Sometimes life just flows along smoothly. There's no hiccups, no bumps in the road. Sometimes life is so good, it's scary... because you wonder what mishaps might be on their way.
That's how life has been lately. Everyday I wake up in our little rented house in Panajachel, Guatemala, and I spend the day with people who I love and who love me, doing the things I want to do.
I write, edit my photos, read great books, go shopping in a very cool local market, take pictures, hang out with friends, and get loved by my sweet children and my amazing husband/hero.
I'm also contrasting my life to the challenges that friends and family are facing - financial, spiritual, physical challenges. Challenges that are really big and frightening.
I am filled with so much gratitude for our incredible life, but it's so sensational, I'm almost frightened. Really.
Over the past couple of weeks, some minor snags occurred - a few sicknesses, a head cold, a website hack. They were a little draining, but nothing I couldn't handle.
Since we were all on the mend, we decided to take a weekday trip to the coast.
Greg really wants to start the process of learning to surf, and Guatemala is supposed to have great surfing. Plus, we've been busy working, working, working, (on this and other projects) and haven't been out of Pana since we arrived over 3 weeks ago. Our nomadic spirits are needing to stretch.
The decision was made and preparations began. We collected our truck from the mechanic (where it has been since we arrived, getting some maintenance done).
Frustrations ensued as we began cramming our belongings back into the cramped space of our home-made camper. We cracked a few jokes, to diffuse the exasperation, along the lines of "Traveling is just too hard, I don't think we should do it anymore."
Finally the bare necessities are stowed away, the kids all loaded up, and Greg sits in the driver's seat to start the truck.
It turns over, starts, and then dies. He tries again. Nothing.
"What is up with this truck?" I wonder. The mechanic is summoned, and after an hour of tinkering, the truck is running again (something about an air leak in the veggie system).
Now it's much later than we'd intended leaving, we do so anyway, only to get slowed down by zero visibility in an intense cloud of fog in the Guatemalan highlands.
I mean crazy fog. Like, can't see the car in front of you, fog.
Twisting, turning and winding, traveling at 10 miles per hour, we could barely see which way the road turned.
Occasionally a part of our lane would be missing, washed off to the valley floor below, or we'd have to dodge potholes or pedestrians. It was intense, and kind of fun at first, but after an hour it got really old. Can't we just make some real progress here? (Not to mention we were all really hungry, and no one was out selling food in the fog.)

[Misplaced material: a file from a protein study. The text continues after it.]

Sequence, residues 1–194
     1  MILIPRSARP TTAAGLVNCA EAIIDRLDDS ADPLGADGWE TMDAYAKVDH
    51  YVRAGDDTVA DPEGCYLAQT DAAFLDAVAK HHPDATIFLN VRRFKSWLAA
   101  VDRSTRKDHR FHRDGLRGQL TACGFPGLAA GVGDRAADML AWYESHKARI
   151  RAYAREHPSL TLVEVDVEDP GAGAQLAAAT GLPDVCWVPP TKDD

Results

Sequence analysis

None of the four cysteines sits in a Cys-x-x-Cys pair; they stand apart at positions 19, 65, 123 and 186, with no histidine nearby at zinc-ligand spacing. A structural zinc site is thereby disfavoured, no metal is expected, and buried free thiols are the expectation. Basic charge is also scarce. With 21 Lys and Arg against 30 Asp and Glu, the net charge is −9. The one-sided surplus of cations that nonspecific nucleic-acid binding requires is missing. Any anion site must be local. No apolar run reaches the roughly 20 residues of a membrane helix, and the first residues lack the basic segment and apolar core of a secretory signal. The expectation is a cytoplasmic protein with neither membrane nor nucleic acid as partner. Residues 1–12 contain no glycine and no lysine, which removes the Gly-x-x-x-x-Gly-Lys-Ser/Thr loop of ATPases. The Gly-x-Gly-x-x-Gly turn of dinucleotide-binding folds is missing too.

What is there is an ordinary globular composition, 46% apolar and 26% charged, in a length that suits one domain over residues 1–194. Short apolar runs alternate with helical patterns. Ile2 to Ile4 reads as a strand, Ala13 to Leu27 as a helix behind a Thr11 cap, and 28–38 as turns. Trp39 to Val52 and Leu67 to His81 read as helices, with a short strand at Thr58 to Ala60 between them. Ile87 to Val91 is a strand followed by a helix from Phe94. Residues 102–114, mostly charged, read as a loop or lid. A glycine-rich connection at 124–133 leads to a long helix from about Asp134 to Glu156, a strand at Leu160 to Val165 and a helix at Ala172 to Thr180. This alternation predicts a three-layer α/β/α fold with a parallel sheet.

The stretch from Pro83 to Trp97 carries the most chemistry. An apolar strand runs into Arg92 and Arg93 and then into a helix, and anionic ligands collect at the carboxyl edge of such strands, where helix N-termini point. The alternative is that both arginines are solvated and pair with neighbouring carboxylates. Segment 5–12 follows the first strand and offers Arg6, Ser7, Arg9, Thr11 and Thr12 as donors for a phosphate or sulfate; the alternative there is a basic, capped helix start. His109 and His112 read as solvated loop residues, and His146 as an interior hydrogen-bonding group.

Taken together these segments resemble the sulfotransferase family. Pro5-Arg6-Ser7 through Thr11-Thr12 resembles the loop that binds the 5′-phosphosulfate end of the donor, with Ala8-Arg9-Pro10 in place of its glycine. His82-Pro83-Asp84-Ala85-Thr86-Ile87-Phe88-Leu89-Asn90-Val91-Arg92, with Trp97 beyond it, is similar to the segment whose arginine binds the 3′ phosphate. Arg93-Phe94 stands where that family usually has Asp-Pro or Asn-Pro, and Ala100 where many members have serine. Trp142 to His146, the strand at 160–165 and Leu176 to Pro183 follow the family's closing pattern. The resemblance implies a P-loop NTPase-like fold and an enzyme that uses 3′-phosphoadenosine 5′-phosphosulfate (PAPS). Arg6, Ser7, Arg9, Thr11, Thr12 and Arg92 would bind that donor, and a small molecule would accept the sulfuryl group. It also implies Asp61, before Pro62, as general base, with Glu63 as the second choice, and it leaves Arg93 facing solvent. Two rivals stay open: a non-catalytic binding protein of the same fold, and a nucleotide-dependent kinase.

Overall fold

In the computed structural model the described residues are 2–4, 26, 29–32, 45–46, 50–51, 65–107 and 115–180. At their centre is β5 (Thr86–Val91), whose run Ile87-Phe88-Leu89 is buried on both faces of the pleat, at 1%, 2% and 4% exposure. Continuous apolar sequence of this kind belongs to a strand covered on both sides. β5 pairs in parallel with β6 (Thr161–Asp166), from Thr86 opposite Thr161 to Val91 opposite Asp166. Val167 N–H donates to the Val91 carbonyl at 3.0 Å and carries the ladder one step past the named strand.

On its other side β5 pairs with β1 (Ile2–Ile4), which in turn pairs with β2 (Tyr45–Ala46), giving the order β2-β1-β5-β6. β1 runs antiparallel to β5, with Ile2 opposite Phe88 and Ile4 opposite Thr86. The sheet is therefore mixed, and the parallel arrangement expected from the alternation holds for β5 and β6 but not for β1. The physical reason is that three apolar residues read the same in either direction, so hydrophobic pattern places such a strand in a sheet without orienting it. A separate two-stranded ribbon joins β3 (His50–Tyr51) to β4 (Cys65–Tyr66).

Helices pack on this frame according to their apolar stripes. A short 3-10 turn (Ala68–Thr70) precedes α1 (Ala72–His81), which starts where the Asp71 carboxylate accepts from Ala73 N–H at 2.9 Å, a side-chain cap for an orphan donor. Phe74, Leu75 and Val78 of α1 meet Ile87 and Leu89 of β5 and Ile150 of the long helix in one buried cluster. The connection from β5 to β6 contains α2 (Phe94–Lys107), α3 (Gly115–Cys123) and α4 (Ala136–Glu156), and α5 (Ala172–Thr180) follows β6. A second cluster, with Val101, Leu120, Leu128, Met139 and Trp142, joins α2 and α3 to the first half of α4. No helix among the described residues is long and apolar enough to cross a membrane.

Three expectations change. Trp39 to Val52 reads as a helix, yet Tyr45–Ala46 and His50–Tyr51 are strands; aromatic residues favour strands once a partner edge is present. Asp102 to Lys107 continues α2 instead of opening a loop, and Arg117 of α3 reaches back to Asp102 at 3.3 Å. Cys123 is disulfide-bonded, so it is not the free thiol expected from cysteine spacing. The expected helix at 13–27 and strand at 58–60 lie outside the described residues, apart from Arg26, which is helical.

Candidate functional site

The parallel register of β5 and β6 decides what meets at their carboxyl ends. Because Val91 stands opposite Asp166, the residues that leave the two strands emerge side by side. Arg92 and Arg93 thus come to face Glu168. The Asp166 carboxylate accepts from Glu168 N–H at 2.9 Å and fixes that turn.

Like all irritations, it finally passed. The fog cleared as we descended from the mountains, and we at least found some junk food to snack on, and then later some chuchitos (Guatemalan tamales) and roasted corn on the cob.
Soon we're cruising along at (Guatemalan) freeway speeds. We pass sugar cane fields and processing plants, and I'm slightly tempted to stop and learn about how sugar is made. But we're enjoying 'making progress'. Sometimes that's a part of 'enjoying the journey' - relishing in the driving, watching the world pass by, and knowing you're getting closer to your destination.
We did stop for mangos. We couldn't resist.
By evening, we make it to the coast. We stop to eat pupusas for dinner at a roadside stand, then headed along the coastal road in the dark to find a place to camp.
Roadside pupusa stand in Sipicate, Guatemala.
We first fell in love with these on Ambergris Caye, Belize. They're an El Salvadoranian food.
Sometimes it takes a long time to find the right place, and sometimes we wonder if we'll find something suitable. But like always, we finally find a great spot, right on the beach.
The kids are asleep when we stop, Greg pops open our roof top, and we climb into bed, lulled to sleep by the sound of very large waves, and free from the torment of sand flies.
The morning is delightful. We walk the beach, dig holes, wade in the waves, sunbathe and enjoy the heat.
By mid-day, when the sun really started to beat down, we went in search of a surf board to rent. Greg was starting to feel the head cold that I'd had last week, but surfing was the reason we'd came, so surfing he would do.
Chuchitos (tamales) for lunch, with tamarindo juice in a bag.
After a few turns through town, and a lunch break, we find a guy that has a board for rent. Only $150 quetzales (US $20) for 24 hours, not a bad deal. Greg can spend the rest of the day today and all tomorrow learning to ride the waves.
He paid and was leaving, when the guy called after him, "If you bust it you have to replace it." Greg filed the information away somewhere in his head.
We found the spot that would be camp for the night, and Greg proudly grabbed his board and headed out to the roaring sea, despite his pounding head.
Watching from the shore, I could tell that the waves were wearing him out. They were massive and relentless, and he wasn't able to make it past the second break. But he did what he could, and made it to a semi-standing position... once or twice.
I knew he was exhausted when, less than a half hour after diving in, he started paddling back to shore. As he reaches the sand, a gigantic wave sends him tumbling head over heels - a confusion of water and sand and arms and legs - and slams the surf board into the beach.
Dread and disbelief replaces exhaustion as he finally stands up and looks at the rented board, with it's nose now bent at a 90 degree angle.